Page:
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Meet Angela - Music therapist

Why use music in health?

Music is the only sensory experience that can activate all areas of our brain simultaneously. The elements of music (e.g. rhythm and melody) address our basic sensory needs.

Music therapy is an allied health research-based profession practised worldwide and defined as a research-based practice and profession in which music is used to actively support people's health, functioning and wellbeing.

As a music therapist, I am privileged to work with children and young people with life-limiting conditions and their families to explore music-facilitated experiences in meaningful ways where often we can't find the words.

I love working as a music therapist. I get to witness how music can be pivotal in supporting symptom management and enhancing quality of life.

Music therapy in paediatric palliative care

I use all the elements of music to achieve the child’s individual goals, often in an enjoyable way in which the whole family can interact and further replicate independently in their own time.

I use music activities such as improvisational instrument playing, rhythm-based activity, song singing and song/lyric discussion, creating playlists for various purposes (e.g. pain management, relaxation), and support the family to be confident in trying these activities themselves, making music for health accessible.

Through active music-making and singing, we can explore and understand a child’s and their family’s individual and collective experiences, using music to ‘therapeutically’ meet the needs of the child or young person and their family. This might look like the music therapist and child and or family all playing instruments together in various ways.

As a music therapist, I am often referred to for common and distressing symptoms such as pain and anxiety. For pain management, we might create playlists that support gentle breathing and or meditation around body awareness. I might also use music with a ‘lullaby’ feeling, gentle guitar playing and humming of familiar or child selected songs. This type of music is associated with a relaxation response and pain reduction.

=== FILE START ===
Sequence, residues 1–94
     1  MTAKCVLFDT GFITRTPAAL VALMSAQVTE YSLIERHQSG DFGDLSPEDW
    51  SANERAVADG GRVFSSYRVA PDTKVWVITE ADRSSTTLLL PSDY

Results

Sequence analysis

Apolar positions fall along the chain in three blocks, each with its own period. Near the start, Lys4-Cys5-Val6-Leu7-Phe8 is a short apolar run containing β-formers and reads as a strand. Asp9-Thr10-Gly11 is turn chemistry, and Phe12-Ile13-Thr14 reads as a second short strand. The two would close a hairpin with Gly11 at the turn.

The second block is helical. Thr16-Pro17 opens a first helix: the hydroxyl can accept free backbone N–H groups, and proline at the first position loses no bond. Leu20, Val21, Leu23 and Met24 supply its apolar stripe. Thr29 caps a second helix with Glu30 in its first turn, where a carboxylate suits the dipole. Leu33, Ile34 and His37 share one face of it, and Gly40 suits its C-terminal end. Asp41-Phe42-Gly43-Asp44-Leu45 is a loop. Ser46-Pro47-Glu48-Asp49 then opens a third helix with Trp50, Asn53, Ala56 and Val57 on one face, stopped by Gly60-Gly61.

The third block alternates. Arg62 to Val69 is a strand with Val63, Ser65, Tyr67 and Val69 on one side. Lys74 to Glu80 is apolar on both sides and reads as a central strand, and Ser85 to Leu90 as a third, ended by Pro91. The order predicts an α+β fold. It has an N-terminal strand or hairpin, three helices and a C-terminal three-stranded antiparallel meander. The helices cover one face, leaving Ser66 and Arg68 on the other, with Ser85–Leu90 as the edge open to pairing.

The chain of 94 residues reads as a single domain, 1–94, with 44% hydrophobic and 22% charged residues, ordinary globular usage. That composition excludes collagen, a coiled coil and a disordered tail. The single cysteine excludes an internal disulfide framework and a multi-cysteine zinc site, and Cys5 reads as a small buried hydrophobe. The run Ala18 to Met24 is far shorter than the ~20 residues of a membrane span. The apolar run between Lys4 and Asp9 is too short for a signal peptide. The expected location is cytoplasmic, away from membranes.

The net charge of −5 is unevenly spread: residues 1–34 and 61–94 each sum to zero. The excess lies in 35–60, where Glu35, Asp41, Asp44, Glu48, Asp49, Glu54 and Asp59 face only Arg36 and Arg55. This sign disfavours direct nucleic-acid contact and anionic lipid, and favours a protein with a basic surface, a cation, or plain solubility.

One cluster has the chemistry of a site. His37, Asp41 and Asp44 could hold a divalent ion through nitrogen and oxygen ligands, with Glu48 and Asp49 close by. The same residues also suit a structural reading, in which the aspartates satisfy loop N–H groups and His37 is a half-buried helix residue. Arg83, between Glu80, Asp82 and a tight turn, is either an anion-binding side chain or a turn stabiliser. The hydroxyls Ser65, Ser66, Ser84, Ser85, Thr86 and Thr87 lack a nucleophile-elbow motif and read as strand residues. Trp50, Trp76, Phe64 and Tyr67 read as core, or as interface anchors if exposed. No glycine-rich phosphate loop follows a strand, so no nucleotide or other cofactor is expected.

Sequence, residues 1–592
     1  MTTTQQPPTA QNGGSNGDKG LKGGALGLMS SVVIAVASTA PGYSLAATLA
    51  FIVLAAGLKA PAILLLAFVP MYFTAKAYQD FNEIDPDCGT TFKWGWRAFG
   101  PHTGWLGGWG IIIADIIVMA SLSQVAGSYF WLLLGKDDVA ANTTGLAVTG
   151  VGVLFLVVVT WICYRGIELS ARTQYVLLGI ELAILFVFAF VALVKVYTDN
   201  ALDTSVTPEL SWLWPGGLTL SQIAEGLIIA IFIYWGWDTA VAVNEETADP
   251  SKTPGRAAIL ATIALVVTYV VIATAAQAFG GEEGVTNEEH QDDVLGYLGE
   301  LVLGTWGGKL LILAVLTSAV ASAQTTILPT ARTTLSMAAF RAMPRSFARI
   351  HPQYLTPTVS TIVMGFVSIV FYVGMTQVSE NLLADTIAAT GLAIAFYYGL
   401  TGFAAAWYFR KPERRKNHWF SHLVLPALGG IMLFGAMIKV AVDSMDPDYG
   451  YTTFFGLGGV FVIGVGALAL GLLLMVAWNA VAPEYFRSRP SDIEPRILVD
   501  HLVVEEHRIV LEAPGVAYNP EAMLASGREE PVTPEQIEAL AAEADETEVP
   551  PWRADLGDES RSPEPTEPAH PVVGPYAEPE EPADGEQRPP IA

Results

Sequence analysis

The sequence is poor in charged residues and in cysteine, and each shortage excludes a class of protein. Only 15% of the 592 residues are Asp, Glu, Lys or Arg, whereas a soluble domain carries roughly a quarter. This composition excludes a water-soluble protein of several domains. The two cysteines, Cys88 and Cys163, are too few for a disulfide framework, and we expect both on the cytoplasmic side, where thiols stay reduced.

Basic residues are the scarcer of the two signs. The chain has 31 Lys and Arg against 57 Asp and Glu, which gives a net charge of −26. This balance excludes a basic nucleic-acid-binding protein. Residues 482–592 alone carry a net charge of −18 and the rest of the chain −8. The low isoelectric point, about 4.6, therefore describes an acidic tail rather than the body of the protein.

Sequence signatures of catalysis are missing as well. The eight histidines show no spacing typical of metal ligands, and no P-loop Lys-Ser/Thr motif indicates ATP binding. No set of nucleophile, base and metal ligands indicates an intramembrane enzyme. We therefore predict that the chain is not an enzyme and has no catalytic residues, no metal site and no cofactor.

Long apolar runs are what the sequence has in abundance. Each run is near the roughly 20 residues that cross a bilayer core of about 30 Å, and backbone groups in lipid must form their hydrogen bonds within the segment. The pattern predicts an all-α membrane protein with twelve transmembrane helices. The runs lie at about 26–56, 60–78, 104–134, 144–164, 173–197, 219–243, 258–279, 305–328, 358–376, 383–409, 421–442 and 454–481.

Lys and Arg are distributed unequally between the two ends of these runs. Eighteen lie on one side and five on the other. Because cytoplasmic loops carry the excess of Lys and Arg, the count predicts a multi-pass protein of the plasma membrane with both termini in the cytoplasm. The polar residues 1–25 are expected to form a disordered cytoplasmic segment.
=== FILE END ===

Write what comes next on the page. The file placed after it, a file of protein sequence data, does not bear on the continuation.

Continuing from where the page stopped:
As the typical activities for children become harder to access for various reasons associated with living with a life-limiting condition, such as sport, music therapy can offer experiences of pleasure, “normalcy”, creativity, and community.

Singing or discussing lyrics of favourite songs, creating playlists and songwriting can support accessing these feelings and facilitate a more meaningful connection to self and identity. Creating recordings of songs also becomes a legacy.

Through instrument playing, a child can experience choice and control, enhance communication, and foster positive experiences for the child and their family.

When I am working with families and music, families will often openly share their grief, disappointment, love, treasured memories, spiritual beliefs and wishes with one another.

Music therapy has the capacity to offer joy and meaning to the child and family and potentially help to alleviate suffering, a major goal of paediatric palliative care.

Music Therapist & National Allied Health Clinical Education Coordinator in Paediatric Palliative Care, Children’s Health Queensland Hospital and Health Service